While misclassifying species is arguably not as harmful as misidentifying them, classifications are important to more easily communicate biological information and draw up protection for species. As with taxonomy, classifications can change due to new genetic evidence, and while the results are not always agreed upon by scientists, the goal is chiefly the same.

Some animals that are misclassified as mustelids tend to be on account of their superficial similarities to weasels or martens. However, in a taxonomical sense, animals are usually not classified by their outward appearance alone. For this reason, even if an animal has an elongated body, rounded ears, short legs, or well-developed anal glands, that does not necessarily mean it is a mustelid or even closely related to one. Given the diverse scale of the animal kingdom, some of these features are not uncommon or very distinctive.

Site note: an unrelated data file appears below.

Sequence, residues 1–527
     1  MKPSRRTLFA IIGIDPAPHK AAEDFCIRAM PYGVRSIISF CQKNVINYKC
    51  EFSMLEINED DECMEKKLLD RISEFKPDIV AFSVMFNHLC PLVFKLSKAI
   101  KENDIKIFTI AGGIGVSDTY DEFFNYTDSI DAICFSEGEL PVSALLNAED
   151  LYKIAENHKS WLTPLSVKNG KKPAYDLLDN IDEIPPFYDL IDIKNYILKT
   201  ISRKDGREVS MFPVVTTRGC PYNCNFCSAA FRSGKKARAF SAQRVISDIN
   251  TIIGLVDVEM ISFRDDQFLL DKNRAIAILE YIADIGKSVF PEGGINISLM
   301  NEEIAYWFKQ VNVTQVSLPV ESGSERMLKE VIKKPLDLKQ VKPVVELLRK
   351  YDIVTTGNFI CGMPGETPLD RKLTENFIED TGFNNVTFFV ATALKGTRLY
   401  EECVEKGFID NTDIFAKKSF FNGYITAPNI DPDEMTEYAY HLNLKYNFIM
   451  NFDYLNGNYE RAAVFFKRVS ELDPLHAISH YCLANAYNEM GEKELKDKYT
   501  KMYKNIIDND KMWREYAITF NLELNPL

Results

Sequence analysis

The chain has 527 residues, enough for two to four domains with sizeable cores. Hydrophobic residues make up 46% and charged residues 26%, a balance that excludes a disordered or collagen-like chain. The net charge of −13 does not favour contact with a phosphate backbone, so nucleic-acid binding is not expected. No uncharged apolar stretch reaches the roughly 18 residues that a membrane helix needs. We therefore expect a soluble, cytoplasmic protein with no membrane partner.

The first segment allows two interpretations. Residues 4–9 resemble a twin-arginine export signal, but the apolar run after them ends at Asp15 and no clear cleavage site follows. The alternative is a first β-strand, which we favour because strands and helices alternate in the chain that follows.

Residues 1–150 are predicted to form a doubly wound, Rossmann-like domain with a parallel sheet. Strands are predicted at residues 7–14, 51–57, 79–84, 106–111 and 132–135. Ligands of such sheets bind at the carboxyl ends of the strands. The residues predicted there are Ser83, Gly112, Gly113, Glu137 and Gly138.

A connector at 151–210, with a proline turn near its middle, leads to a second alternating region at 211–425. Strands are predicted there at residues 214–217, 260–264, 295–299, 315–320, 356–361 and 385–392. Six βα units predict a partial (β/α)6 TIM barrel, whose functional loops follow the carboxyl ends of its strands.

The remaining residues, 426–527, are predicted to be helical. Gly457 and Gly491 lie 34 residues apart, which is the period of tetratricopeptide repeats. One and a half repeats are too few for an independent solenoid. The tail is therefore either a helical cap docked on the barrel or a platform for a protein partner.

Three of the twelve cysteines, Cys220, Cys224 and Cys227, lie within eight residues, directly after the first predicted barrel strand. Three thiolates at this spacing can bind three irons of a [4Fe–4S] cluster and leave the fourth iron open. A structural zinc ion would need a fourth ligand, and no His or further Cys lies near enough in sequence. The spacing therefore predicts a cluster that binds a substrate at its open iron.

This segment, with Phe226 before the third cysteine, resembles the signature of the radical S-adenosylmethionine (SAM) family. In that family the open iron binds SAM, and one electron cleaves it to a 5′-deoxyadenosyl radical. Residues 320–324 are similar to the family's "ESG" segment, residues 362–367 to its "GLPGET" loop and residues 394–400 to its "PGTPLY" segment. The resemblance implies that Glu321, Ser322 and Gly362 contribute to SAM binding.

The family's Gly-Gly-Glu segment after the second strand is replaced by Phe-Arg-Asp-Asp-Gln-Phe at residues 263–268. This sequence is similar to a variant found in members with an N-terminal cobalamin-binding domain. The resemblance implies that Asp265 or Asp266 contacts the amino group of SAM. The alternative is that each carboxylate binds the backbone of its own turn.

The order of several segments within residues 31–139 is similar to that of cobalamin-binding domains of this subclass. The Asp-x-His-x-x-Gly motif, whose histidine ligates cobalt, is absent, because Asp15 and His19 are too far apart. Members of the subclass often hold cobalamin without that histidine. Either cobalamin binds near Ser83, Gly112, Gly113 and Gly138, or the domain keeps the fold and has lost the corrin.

Several animals that are frequently mistaken for mustelids form their own branch within the superfamily Musteloidea—which is sometimes misleadingly called the “weasel superfamily”, given that the common raccoon, red panda, and many other, mostly non-weasels are included in this branch.

The following families tend to have one or more iconic species that are commonly mistaken for mustelids or vice versa.

Ailuridae: Red panda

Although this sole species is basal to both mustelids and procyonids (raccoons), the red panda forms its own unique family branch, ailurids.(2)


• Massive, rounded head shaped by jaw muscles evolved to consume a specialised vegan diet of bamboo that mustelids would never touch.

• Tail has rings, a pattern not found in mustelids.

Eupleridae: Malagasy carnivores

A family endemic to Madagascar, closely related to Herpestidae. They may look more cat-like than weasel, but they are sometimes mistaken for weasels because of their rounded ears.


• Adapted to a diversity of niches entirely different than those of mustelids. For example, the fossa resembles a cougar, and the Eastern falanouc has narrow jaws and flat teeth for a diet based on worms, slugs, and larvae. Most bear more resemblance to members of Herpestidae and Viverridae (see below).